The LWF Blog
Fire Safety for Healthcare Premises – Fire Prevention & Waste Management – Part 76May 20, 2019 1:46 pm
In LWF’s blog series for healthcare professionals, the aim is to give information on best practice of fire safety in hospitals and other healthcare premises. In part 75, LWF discussed good housekeeping measures which should be implemented in a healthcare venue to avoid instances of fire. In part 76, we begin to discuss waste management from a fire prevention point of view.
The effective management of waste on an ongoing basis is one of the major tenets of fire prevention in healthcare venues. This blog will look at the areas which should be concentrated on in order to prevent instances of fire because of ineffective waste management. More general guidance on healthcare waste (not only that which relates to fire safety) can be found in HTM 07-01.
Managers should provide and implement policies to manage the safe storage and prompt disposal of waste which accumulates over a 24-hour period. This may be a several step process, e.g. certain items can be placed in rubbish receptacles, which in turn, should be emptied when full and placed in the designated place for final disposal.
Waste should be stored in secure and appropriate receptacles for the waste type, such as imperforate non-flammable or metallic bins with well-fitting lids. Once full, the loaded receptacle, or appropriate closed liner containing the waste (it should not be left open or over-flowing), should be removed to a designated secure location which is separate from patient-care or public areas. This can help to deter instances of arson on the premises.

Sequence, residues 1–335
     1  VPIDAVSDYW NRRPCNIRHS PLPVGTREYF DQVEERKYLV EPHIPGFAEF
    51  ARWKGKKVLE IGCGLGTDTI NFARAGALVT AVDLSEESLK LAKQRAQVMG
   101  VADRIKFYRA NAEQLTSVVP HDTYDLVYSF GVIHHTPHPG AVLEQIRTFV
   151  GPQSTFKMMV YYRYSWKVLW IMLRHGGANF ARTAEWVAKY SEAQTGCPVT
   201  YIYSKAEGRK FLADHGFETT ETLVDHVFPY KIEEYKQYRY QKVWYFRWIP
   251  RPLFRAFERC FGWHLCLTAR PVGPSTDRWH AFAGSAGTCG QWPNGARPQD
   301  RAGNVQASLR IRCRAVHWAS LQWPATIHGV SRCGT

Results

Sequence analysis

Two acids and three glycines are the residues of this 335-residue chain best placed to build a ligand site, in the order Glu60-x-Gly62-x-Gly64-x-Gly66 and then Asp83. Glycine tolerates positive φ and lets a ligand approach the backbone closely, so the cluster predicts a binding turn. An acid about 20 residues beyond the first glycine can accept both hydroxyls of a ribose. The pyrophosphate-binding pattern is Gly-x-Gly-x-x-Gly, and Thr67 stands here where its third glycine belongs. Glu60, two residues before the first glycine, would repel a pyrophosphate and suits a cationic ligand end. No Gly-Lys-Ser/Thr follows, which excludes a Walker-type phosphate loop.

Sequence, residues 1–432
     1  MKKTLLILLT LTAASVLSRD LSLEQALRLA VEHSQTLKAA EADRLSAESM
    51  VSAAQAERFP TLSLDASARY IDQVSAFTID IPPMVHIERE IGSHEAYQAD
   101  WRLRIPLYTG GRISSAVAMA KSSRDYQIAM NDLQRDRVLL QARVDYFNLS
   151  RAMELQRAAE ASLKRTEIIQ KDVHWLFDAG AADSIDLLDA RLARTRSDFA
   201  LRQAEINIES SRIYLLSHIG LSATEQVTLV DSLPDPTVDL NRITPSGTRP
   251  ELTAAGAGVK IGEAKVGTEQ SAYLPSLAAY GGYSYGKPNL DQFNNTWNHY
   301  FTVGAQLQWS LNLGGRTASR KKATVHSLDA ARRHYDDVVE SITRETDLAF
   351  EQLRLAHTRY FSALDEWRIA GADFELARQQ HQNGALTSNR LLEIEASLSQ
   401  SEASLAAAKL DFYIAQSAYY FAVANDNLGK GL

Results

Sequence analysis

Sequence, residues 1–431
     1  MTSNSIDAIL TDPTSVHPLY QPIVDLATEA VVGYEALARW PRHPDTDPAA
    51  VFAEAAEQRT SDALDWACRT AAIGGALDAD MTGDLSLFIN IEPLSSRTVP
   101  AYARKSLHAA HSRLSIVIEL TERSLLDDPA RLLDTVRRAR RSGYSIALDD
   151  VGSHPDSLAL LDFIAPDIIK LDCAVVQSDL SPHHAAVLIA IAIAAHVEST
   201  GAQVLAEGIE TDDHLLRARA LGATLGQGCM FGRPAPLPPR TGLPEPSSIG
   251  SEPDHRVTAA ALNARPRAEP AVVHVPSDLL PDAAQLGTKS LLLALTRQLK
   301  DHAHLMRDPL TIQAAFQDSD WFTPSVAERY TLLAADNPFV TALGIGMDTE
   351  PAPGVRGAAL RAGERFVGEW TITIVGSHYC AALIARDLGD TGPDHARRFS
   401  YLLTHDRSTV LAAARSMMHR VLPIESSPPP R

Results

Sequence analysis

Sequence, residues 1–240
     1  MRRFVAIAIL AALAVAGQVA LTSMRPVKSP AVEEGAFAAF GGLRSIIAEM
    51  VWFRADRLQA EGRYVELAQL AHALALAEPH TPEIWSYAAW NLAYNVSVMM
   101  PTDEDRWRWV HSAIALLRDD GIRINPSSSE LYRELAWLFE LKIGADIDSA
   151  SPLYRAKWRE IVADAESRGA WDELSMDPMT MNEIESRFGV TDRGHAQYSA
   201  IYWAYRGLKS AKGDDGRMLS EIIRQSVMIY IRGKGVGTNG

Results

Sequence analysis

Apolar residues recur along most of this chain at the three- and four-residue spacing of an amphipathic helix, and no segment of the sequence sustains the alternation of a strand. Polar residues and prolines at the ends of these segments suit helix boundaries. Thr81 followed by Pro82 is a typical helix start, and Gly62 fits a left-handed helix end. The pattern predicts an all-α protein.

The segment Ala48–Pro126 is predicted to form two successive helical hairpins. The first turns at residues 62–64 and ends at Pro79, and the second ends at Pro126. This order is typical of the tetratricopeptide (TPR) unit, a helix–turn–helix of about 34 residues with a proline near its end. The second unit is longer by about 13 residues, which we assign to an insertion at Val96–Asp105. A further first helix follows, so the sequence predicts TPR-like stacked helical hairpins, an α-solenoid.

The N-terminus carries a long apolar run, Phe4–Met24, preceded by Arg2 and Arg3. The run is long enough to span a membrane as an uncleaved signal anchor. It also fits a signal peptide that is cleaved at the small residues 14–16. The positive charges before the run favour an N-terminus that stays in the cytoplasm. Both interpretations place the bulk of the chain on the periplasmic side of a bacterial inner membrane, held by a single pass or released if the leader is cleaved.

It is not appropriate for unattended waste to be left or stored in tunnels, walkways or basement areas or on stairways or in corridors. It is essential that escape routes should be kept clear at all times. Under no circumstances should waste be stacked by an exit door.
Where waste disposal chutes are in use, they should be maintained under constant supervision. A redundant chute which connects basement levels with floors above can be a conduit for fire and smoke and therefore can pose a serious fire risk. The chute should be sealed off in the basement and at each floor level with fire and smoke resisting construction and seals.
Combustible waste, such as packaging materials, packing cases, food packaging, clinical and waste products must be subject to a rigorous procedure for collection and disposal. The continuing increase of the use of disposable products in healthcare environments only increases the need for all combustible waste to be diligently removed to designated combustible waste storage areas for ultimate disposal.
In part 77, LWF will look at the safe storage and disposal of dangerous substances and the dangers of explosive atmospheres. In the meantime, if you have any questions about this blog, or wish to discuss your own project with one of our fire engineers, please contact us.
Lawrence Webster Forrest has been working with their clients for over 25 years to produce innovative and exciting building projects. If you would like further information on how LWF and fire strategies could assist you, please contact Peter Gyere on 0800 410 1130.
While care has been taken to ensure that information contained in LWF’s publications is true and correct at the time of publication, changes in circumstances after the time of publication may impact on the accuracy of this information.